How To Install Outside wiring

Wiring to sockets or lighting points attached to the outside walls of a house can be part of the domestic circuit. Wiring to a point in the garden, greenhouse or separate garage, however, has to be treated as a different installation, with its own main switch and 20amp fuse unit close to the meter. It is now also recommended you fit an ELCB on this circuit.

Because wind and rough weather will cause wear and tear, sockets, switches and cables must be tough, weatherproof and protected from the possibility of accidental damage. Professional help with outside wiring is essential because electricity used outside is potentially more dangerous than inside.

Surface wiring

Wiring a porch light, socket or switch onto the outside wall of a house is not difficult as long as you use weatherproof equipment. Sockets are usually in galvanized steel with covers and the switches are plastic. It is best to keep wiring on an outside wall to a minimum; it should be protected in plastic tubing or conduit and the connections, where the cable joins the switch or socket or light fitting, have to be water- and weatherproof. The wiring can be taken as a spur from the ring main, although a porch or outside light can be taken from a lighting point. In this case the cable goes through the wall as close to the light as possible. Study the wiring layout of the house to plan the shortest route from the new position to the existing wiring; this will give a neater installation.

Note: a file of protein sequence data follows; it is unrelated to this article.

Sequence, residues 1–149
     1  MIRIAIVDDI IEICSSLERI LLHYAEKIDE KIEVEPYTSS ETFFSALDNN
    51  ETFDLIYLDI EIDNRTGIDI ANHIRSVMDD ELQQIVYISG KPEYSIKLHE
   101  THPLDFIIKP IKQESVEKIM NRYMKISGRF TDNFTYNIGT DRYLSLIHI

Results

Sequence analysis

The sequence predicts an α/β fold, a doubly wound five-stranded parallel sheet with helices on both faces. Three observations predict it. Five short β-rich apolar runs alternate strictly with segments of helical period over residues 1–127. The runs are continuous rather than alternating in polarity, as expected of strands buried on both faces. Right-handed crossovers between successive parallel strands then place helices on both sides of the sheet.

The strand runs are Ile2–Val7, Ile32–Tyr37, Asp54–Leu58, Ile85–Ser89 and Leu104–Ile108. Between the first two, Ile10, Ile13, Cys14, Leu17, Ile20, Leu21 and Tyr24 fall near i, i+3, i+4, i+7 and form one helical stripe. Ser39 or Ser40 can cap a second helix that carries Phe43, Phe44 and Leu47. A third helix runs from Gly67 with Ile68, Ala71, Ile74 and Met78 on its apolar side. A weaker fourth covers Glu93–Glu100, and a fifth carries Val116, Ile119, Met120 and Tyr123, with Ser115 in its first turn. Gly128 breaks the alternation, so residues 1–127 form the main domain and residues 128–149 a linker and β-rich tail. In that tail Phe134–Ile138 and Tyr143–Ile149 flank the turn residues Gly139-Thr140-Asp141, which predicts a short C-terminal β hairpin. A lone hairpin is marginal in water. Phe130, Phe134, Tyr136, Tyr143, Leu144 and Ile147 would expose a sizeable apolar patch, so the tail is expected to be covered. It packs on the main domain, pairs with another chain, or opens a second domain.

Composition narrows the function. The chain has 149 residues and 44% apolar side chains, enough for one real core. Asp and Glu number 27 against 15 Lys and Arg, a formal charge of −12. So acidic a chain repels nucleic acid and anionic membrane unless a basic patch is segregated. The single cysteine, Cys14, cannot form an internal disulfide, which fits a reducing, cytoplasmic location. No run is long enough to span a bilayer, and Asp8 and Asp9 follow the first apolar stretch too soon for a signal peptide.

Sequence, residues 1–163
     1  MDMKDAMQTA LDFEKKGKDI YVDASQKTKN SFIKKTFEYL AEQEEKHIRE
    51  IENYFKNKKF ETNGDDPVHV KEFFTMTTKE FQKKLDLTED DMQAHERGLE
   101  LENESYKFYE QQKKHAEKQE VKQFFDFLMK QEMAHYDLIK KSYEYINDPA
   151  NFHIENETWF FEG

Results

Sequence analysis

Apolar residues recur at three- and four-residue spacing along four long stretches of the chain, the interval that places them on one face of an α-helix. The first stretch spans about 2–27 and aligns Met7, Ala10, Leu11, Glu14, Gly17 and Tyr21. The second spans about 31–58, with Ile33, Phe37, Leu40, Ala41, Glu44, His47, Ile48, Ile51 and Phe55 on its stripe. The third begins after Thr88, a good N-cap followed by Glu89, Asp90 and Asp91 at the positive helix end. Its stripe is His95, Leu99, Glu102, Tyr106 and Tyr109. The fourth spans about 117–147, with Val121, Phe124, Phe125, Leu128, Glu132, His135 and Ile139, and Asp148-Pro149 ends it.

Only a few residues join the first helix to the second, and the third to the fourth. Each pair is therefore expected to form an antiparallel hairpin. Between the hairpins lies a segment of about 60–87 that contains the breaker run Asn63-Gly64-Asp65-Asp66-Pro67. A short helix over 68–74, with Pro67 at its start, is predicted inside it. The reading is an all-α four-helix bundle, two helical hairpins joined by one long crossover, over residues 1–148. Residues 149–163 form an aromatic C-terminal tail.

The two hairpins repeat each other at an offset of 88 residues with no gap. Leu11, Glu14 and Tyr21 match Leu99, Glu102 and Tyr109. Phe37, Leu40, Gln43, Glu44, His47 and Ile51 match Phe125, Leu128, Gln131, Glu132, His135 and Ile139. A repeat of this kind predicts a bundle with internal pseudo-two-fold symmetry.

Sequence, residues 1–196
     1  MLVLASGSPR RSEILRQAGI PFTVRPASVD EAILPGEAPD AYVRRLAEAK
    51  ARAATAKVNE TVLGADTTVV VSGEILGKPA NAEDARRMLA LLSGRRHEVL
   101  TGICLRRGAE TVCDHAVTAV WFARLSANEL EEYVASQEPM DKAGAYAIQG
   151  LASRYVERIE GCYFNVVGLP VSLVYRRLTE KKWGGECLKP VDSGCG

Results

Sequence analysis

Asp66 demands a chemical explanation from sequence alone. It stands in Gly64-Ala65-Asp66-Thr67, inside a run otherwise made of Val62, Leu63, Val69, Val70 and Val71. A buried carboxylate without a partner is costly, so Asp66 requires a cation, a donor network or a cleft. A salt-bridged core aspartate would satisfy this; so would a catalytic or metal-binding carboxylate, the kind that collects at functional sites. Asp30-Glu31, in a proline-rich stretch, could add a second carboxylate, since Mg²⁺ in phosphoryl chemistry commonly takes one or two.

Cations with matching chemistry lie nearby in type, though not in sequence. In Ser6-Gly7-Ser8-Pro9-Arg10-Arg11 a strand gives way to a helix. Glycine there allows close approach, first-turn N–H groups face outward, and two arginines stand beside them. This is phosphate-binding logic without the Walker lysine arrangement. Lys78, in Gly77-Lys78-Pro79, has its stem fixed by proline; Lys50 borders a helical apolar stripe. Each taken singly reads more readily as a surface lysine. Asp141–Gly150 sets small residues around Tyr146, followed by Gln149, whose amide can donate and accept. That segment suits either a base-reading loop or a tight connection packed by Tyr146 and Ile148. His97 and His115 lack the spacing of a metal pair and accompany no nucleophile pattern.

To take a cable from the inside of a house to the outside, drill a hole through the wall using a masonry bit of up to 300mm (1 ft) long if it is a cavity wall. Insert a short length of plastic tube or conduit; this must be angled so the outside end is lower than the inside (to keep out rainwater) and cemented in place. Fit an elbow to the outside end.

Overhead wiring

With the overhead method of wiring, the PVC twin core and earth cable is supported by a galvanized steel cable called a catenary wire. The power cable is relieved of any stress or strain by being clipped and taped to the catenary wire which is itself suspended from permanent supports not less than 3.5m (lift 6in) above ground or 5.2m (17ft) if above a drive. To get the right height you may have to attach a weather-treated post to the greenhouse or garage and brace it to withstand strong winds. You must fit supporting vine eyes, one into a heavy duty plug on the house wall and the other into the side of the post near the top. The ends of the catenary wire are threaded through the eyes and twisted firmly round the main length of wire.

Since the catenary wire will be under strain for many years, it is vital to have a strong joint at each end. It is also a good idea to have an adjustable eye bolt fitting or a turnbuckle at one end of the catenary wire so it can be stretched tight. The catenary wire must be earthed using single core 6sq mm PVC-insulated earth wire connected to it by a corrosion-resistant screw-type connector and connected to the mains earth point in the house. Cable from the switch fuse should come through the wall using a tube or conduit as already described. The mains cable should be 2.5sq mm or 4sq mm and in one continuous length from the switch fuse to the new switch or socket.

A downward rainwater `drip loop’ of slack is usually left at each end and the supply cable is attached to the catenary wire by using slings or bitumen-impregnated insulating tape; this is turned two or three times between the cable and wire. Non-corrosive buckle-type cable clips are wrapped round the tape for strength.

Underground wiring